Time to put Nelson Mandela where he belongs
It was the official government memorial service in honour of Nelson Mandela, who had died earlier that week. Like an airborne disease, grief seemed to spread across the stadium in Mexican-wave style, from one grandstand to the next. As if to ward off the onset of choking sorrow, the crowd broke into sporadic songs of freedom.
In my fickle and recent memory, only a few occasions come close to the momentousness of the December 13, 2013 event.
On February 11, 1990 when Nelson Mandela gave his first speech as a free man, to a delirious crowd at the Cape Town Grand Parade, perhaps?
The recent funeral of one the most fearless leaders South Africa has ever produced, namely, Nomzamo Winifred Madikizela-Mandela, possibly? Maybe May 10, 1994 when Nelson Mandela was installed as the first legitimate president of South Africa in more than three hundred and fifty years?
Not since then, have we seen such a high-level gathering of world leaders descending on our country.
Among the whole lot of them on that day, none made a bigger impression than Barack Hussein Obama, then president of the US. He gave a rousing speech.
By contrast, our former president, Jacob Zuma, was booed by the crowd, prompting Archbishop Tutu’s calming intervention.
Who can forget the meaningless and exaggerated gestures of Thamsanqa Jantjie, the infamous fake interpreter, later found to be unwell? Yet even he could not divert attention away from the message of Barack Obama.
Five years on, Obama returns to South Africa, to deliver the 16th Nelson Mandela Annual Lecture.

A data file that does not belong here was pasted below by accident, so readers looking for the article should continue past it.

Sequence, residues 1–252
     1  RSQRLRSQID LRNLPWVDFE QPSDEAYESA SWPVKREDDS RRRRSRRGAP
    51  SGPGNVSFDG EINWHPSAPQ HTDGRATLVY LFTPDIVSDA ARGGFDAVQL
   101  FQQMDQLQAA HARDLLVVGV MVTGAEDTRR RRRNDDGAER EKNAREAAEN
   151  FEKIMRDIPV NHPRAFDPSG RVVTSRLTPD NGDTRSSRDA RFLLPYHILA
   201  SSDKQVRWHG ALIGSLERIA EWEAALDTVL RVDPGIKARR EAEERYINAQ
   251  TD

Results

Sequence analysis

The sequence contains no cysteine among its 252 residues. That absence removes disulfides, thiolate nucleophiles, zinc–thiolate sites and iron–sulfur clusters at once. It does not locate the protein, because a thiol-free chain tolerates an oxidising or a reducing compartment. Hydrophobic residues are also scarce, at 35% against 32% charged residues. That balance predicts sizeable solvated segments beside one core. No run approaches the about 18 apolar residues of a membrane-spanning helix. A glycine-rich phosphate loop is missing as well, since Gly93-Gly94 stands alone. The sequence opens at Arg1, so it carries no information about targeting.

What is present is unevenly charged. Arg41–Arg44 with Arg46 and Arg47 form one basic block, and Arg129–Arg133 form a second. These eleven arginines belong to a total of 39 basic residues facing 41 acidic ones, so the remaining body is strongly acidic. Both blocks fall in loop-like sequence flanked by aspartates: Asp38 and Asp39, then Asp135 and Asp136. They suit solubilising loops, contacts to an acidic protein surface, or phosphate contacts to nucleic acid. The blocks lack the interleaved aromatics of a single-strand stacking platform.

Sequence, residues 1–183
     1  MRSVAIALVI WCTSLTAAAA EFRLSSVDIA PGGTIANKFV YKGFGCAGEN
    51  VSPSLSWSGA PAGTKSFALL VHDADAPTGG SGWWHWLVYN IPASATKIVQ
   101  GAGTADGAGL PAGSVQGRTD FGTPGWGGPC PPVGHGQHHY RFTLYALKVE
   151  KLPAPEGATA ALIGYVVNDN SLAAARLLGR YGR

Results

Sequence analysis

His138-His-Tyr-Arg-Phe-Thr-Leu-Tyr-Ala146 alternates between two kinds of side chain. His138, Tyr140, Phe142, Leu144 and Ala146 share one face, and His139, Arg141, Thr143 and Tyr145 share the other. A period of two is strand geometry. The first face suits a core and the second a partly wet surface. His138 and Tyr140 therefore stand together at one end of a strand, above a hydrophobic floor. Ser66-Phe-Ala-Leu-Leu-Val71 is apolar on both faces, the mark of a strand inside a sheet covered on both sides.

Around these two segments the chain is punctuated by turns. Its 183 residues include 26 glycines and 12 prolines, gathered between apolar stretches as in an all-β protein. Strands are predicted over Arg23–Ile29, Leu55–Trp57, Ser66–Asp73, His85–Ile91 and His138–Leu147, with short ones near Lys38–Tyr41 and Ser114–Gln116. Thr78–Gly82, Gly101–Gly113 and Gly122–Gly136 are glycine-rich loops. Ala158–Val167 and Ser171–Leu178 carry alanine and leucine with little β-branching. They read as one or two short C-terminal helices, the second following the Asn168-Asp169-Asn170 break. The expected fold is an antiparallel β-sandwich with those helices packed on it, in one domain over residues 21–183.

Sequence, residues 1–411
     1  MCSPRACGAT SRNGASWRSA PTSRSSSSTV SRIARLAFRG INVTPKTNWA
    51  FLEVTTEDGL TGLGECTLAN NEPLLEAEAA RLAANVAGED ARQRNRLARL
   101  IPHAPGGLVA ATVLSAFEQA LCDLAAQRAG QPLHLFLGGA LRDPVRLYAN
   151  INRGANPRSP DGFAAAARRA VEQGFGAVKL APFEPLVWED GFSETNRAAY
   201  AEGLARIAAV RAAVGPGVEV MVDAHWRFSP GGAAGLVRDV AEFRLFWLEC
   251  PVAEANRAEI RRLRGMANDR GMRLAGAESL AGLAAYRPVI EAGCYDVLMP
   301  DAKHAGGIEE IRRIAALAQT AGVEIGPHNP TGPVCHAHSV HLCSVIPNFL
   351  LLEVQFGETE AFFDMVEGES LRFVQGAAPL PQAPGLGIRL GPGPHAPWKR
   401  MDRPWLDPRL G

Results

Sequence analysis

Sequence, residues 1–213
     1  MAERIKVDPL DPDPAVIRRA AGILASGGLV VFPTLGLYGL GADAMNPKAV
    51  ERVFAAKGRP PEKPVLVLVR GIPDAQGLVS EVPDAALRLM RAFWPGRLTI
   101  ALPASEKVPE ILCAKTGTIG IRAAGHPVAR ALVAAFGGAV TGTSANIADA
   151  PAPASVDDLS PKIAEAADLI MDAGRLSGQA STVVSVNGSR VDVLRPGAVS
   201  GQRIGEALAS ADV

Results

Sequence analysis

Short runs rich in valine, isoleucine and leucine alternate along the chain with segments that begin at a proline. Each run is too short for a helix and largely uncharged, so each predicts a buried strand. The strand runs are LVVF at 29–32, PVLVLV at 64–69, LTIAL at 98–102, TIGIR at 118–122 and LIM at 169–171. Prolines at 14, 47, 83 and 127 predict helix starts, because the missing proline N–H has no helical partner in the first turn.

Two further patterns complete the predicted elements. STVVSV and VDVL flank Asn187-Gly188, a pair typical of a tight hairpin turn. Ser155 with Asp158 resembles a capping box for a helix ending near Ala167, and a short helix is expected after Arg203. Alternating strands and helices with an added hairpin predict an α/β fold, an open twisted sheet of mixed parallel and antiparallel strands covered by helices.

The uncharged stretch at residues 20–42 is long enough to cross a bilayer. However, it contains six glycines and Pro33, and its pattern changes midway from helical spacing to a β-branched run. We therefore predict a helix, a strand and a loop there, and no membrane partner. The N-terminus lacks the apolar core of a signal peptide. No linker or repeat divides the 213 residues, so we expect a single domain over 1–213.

Once again, Obama returns to the continent of his father, a man he fondly remembers as ‘a Kenyan of the Luo tribe, born on the shores of Lake Victoria in a place called Alego’.
Once again, the first black president of the US will have the opportunity to honour the first black president of South Africa - someone he has clearly modelled himself after.
“To the people of South Africa - people of every race and walk of life - the world thanks you for sharing Nelson Mandela with us”, he said then.
To that I can only say, phinda mzala (do it again, buddy). May Obama address South Africans, as one people, again!
For today, we run the risk of losing the ability to imagine ourselves as one nation, except perhaps in the formalistic sense of living within the same national borders, carrying a passport of the same colour, and grudgingly singing the same national anthem.
Our leaders seem to have forgotten how to speak of and to us as a nation. It is one thing for our leaders to speak truthfully and honestly about economic and political disparities.
It is quite another thing, when leaders conceal their lack of a unifying vision of South Africans as a people, by pandering to sectional, provincial and tribal interests.
Every time a South African leader invokes the phrase “our people”, we look at one another with bewilderment, wondering which particular people he or she is talking about.
We have come to know instinctively and to take for granted, that today few leaders if any use the phrase “our people” to refer to all South Africans.
No wonder then that the criticism of the idea of a “rainbow nation” has become a national pastime. Our founding ideals have become the butt of dinner-table jokes and ridicule.
We seem keen to become a people without an organising vision, principle or ideal. Part of the reason there was so much Ramaphoria earlier this year was that for the first time in a long while, it seemed that he was going to reintroduce a truly national vision for what Mandela called “a rainbow nation at peace with itself and the world”.
That is why the Thuma mina message resonated. But that was before the theme was seemingly dumbed down into the latest ANC campaign - a tool for fixing internal ANC problems.
Listening to some of our leaders today, one would think that South Africa is a federation of homogeneous blocks of , Afrikaners, Indians, AmaZulu and the rest.